Panera Bread Chairman Ron Shaich Kicks Off No Labels Unity Campaign with Town Hall Event in New Hampshire
By No Labels
On Monday, December 3, Panera Bread Founder and Chairman Ron Shaich will headline a No Labels town hall meeting in Manchester, New Hampshire with 250 citizens to discuss the outlines of No Labels’ Unity campaign.
In this era of intense political tribalism, the Unity campaign will aim to rally public support for a policy platform and an approach to governing that can, and should, be embraced by both Democratic and Republican presidential candidates running in 2020.
“As we look toward the 2020 presidential election, there appears to be no end in sight to our tribal politics and both sides appear to be gearing up for an ugly and divisive campaign,” said No Labels Co-Chair Joe Lieberman. “This is a surefire recipe for everything in our politics to get worse. There is only one way out of this endless cycle of overreach and retribution and that is presidential candidates who pledge—in words and through policy commitments—to uniting the country.”
No Labels believes there is an opening and urgency for leaders to commit to national unity. The New Hampshire event will come just a week after the successful culmination of a nine-month No Labels campaign to reform the House rules, when presumptive House Speaker Nancy Pelosi agreed to several of the key changes requested by the No Labels-inspired Problem Solvers Caucus.
The specific platform for the Unity campaign is still to be determined, and a key aim of Monday’s event is to hear directly from citizens about the issues they care about most and where they see openings for the parties to come together on common ground.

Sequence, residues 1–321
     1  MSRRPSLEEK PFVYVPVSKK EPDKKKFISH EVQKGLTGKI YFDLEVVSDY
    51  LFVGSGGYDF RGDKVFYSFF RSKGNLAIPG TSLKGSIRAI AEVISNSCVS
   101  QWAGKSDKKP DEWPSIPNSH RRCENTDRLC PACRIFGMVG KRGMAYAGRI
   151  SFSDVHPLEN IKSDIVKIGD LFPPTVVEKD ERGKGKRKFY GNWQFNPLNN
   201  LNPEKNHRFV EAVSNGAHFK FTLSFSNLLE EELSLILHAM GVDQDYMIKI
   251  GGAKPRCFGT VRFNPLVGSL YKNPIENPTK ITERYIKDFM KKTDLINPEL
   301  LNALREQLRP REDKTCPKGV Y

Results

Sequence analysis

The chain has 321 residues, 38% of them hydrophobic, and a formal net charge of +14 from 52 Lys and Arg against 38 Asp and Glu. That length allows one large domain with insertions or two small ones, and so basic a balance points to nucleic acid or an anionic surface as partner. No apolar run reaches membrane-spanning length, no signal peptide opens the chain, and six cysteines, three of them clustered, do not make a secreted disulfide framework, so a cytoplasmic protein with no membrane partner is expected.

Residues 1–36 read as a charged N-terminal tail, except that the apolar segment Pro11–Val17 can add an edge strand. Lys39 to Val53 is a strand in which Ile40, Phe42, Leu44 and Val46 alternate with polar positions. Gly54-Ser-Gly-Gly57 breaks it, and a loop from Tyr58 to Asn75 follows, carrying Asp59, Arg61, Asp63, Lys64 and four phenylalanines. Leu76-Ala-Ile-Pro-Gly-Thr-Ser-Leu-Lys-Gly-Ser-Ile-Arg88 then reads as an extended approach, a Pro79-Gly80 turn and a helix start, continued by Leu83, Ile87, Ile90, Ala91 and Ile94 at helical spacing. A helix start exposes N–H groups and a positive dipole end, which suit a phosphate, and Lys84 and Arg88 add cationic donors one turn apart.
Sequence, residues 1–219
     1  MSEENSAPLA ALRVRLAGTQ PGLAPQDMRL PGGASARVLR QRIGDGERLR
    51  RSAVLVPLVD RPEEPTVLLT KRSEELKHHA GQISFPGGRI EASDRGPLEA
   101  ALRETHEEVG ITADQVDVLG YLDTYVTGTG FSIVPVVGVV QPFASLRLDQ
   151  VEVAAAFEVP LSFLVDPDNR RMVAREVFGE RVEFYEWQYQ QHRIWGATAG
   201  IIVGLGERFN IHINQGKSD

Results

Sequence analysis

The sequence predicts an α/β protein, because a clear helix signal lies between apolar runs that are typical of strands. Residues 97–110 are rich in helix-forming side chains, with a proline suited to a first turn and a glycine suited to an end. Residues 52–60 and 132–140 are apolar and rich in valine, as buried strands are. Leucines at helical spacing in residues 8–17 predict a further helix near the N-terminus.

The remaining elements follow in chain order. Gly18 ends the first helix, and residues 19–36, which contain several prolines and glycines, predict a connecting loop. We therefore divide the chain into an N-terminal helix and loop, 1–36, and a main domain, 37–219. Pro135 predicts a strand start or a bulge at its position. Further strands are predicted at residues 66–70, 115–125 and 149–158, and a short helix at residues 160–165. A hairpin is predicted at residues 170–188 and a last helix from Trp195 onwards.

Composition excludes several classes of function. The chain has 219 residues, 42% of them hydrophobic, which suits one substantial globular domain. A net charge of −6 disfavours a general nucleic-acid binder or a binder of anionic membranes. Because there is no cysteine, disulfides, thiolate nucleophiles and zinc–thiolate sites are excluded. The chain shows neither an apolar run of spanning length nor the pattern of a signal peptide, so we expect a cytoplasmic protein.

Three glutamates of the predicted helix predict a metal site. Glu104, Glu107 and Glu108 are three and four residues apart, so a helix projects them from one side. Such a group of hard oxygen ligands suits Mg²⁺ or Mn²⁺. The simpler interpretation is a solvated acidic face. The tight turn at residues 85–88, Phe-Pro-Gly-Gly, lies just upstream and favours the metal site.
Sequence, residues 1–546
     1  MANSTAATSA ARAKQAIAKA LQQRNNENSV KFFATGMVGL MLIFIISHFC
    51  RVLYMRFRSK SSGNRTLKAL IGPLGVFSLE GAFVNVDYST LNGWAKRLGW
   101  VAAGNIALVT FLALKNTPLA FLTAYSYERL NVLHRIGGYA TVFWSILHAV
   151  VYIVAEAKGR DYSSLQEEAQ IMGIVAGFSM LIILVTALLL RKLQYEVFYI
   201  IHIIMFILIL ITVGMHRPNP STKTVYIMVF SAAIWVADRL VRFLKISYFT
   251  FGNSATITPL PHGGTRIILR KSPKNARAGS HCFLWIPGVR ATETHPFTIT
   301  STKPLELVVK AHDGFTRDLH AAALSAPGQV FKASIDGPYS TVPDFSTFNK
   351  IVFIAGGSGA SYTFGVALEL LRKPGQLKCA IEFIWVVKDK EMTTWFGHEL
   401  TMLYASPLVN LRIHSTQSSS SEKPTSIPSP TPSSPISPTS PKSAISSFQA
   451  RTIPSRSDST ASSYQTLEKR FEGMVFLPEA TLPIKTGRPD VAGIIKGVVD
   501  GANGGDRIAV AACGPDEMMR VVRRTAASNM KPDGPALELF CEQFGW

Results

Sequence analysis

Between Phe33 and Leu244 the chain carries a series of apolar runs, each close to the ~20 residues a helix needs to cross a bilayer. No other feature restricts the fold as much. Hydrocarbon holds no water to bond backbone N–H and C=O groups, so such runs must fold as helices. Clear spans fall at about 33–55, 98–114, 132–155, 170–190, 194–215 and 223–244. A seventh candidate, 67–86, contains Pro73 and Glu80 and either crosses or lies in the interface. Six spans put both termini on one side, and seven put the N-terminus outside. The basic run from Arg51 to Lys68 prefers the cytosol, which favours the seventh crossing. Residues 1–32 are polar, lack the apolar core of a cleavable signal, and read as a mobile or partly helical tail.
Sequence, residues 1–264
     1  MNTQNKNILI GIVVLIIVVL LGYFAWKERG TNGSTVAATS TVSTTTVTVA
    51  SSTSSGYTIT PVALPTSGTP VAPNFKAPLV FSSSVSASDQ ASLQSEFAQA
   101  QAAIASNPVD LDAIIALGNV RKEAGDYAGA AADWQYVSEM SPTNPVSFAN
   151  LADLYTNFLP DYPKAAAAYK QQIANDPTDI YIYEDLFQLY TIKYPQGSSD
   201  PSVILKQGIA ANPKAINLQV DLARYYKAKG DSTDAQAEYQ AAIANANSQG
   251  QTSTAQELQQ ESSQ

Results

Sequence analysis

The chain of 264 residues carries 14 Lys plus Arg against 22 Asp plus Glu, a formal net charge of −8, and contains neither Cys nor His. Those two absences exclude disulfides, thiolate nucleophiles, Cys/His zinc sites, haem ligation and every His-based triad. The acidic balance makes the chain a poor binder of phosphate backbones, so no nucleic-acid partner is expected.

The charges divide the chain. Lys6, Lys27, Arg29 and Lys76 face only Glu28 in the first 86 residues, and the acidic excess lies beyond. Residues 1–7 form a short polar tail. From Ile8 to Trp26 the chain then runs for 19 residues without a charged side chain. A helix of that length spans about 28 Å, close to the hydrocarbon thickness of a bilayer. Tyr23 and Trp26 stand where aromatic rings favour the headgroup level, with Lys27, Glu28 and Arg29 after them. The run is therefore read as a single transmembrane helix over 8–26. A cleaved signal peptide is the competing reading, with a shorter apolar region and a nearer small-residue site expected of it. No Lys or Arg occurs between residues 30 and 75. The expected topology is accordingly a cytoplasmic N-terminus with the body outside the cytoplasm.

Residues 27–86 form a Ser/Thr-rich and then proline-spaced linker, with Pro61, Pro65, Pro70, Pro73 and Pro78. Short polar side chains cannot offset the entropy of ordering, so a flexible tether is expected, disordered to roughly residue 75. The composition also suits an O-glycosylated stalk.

Ron Shaich, a longtime supporter of No Labels, will be joined on stage by No Labels Co-Founder Bill Galston and Chief Strategist Ryan Clancy to frame the challenges and highlight steps presidential candidates could take to promote national unity, including a bipartisan cabinet and concrete commitments to deal with issues like infrastructure, education, immigration, the deficit, and securing America’s social safety net in a bipartisan way.
“I am excited to be a part of this event and, above all, to listen to what the people of New Hampshire have to say,” said Shaich. “It is early in the process, and we don’t yet know exactly what form a Unity campaign can take. But we do know it is essential. We do know that two years of Democratic and Republican presidential candidates denouncing and destroying one another will only worsen the divide in our country and make it even harder to solve our common challenges. We know that a presidential candidate who unites America around our common interests is what we need and what the American people want.”
Monday’s event in New Hampshire is the kickoff to a year-long effort in which No Labels will organize citizens behind the Unity campaign. The effort will culminate on November 3, 2019, when 2,000 New Hampshire voters gather to meet presidential candidates from both parties.